Nídia's mix of dark and light remains singular in the Lisbon scene.
Nídia's rhythms move in and out of familiarity. "Tarraxo De Guetto" has the sticky stomp associated with tarraxo. The trilogy of "Rap" tracks play with contemporary hip-hop and trap forms, like the Metro Boomin-style synths of highlight "Rap Tentativa." It's in these three tunes that you can hear the duality of her music, caught between macho trap swagger and a romantic waltz. Her music has plenty of space, which makes the drums hit hard without overwhelming the elegant arrangements. Listen to the outsized drum hits in "Intro," or how the snares and hats feel like they're stalking around corners in "Popo," as if they were trying to sneak up on you.
Não Fales Nela Que A Mentes is the first record that Borges made after moving back from Bordeaux to her childhood Lisbon home. There's a newfound comfort in these tracks, which extends to lightheartedness (the Lex Luger synth wash in "Royal") to what sounds like contentment. The closing track "Emotions," with its triumphant horns and peppy handclaps, is one of her most striking tracks to date. The album feels like her smoothest chapter yet, but it comes alongside a 7-inch that packs more of a wallop.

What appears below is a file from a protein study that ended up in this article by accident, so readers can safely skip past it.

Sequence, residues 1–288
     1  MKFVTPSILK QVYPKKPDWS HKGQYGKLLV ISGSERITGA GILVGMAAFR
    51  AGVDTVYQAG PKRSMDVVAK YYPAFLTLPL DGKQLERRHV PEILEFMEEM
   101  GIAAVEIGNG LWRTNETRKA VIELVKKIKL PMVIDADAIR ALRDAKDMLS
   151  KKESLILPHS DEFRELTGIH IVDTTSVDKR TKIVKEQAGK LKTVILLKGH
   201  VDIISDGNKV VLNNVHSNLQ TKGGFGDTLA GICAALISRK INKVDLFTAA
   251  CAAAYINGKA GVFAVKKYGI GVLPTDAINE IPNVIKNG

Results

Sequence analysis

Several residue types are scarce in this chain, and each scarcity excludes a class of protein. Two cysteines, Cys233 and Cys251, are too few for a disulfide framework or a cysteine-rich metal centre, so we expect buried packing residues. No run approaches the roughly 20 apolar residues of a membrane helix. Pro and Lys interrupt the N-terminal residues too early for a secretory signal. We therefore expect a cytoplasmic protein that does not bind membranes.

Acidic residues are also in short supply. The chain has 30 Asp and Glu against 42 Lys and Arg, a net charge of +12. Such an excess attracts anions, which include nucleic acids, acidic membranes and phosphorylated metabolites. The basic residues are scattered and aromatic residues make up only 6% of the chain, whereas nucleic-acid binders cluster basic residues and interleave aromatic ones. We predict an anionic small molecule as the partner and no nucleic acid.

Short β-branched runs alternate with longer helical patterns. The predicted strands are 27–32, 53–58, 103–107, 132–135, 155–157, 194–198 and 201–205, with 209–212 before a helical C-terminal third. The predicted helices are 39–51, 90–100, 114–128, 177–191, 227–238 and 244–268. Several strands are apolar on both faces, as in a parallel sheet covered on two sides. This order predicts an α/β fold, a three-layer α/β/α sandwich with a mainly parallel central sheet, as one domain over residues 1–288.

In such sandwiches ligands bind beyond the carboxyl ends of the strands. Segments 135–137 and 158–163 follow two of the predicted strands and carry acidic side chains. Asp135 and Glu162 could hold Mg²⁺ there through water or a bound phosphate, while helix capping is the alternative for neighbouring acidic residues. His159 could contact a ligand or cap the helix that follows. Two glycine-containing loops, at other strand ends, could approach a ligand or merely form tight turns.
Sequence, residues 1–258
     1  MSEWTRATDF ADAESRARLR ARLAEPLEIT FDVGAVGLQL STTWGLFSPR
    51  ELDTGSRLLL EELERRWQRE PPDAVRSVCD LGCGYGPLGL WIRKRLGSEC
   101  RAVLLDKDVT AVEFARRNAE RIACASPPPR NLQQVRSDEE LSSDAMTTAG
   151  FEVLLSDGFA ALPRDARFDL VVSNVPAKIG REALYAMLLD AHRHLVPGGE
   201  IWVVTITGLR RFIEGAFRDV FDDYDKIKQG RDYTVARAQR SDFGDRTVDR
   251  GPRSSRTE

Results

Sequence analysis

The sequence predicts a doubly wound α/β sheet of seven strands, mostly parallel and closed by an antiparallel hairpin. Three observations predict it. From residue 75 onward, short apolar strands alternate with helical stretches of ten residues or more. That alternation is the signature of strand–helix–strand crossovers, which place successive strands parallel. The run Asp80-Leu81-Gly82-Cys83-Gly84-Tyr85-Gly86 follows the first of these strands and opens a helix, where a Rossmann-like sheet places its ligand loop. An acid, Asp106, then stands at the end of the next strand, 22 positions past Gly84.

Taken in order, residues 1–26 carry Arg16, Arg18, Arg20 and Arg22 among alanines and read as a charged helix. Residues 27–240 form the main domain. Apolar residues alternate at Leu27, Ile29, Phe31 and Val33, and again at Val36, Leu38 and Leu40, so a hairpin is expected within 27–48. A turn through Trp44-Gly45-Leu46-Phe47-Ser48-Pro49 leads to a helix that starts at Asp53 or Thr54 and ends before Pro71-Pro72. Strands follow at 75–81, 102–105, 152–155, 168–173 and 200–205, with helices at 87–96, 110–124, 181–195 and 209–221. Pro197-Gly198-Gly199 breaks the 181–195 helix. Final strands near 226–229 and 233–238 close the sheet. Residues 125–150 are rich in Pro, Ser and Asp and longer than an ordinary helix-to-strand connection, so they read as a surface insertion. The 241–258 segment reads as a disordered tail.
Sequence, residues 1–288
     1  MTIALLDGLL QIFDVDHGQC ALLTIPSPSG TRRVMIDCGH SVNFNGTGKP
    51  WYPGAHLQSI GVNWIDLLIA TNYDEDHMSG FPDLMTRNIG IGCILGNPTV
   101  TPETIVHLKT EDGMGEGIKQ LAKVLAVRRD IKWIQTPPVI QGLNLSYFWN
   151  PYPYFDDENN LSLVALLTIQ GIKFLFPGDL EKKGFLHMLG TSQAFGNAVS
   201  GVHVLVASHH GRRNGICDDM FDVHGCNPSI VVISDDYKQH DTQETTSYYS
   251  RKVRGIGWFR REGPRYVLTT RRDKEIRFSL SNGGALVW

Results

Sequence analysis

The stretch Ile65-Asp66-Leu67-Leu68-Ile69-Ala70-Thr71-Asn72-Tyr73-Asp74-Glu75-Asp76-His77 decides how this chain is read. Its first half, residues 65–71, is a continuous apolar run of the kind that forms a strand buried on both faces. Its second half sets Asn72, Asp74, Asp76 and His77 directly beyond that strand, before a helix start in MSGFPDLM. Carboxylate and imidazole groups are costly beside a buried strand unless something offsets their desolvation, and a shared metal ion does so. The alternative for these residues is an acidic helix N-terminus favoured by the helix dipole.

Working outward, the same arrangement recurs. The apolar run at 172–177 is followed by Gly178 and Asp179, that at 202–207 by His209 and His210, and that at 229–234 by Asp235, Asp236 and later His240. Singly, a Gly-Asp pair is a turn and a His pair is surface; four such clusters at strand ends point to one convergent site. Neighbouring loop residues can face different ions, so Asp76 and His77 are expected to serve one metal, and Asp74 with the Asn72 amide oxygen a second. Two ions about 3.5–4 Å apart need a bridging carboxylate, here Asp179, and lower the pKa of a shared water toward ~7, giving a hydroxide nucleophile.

The tracks on the Badjuda Sukulbembe 7-inch are the two longest productions in her catalogue. "Cheirinho" is swung and seductive, while "Tarraxoz Academy" is a wonderfully unstable track, like a tarraxo rhythm that's drunk and unable to stay on its feet. The effect is intoxicating. These two tracks hit harder, faster and weirder than the prettier music of Não Fales Nela Que A Mentes, extending the range that has always defined Nídia's music to two different records: one light, one heavy. Both are complex, hinting at the toughness Nídia has said was necessary to grow up in the projects around Lisbon. She bares her heart with her music's lilting melodies, but there's usually a stomp or forceful push behind it.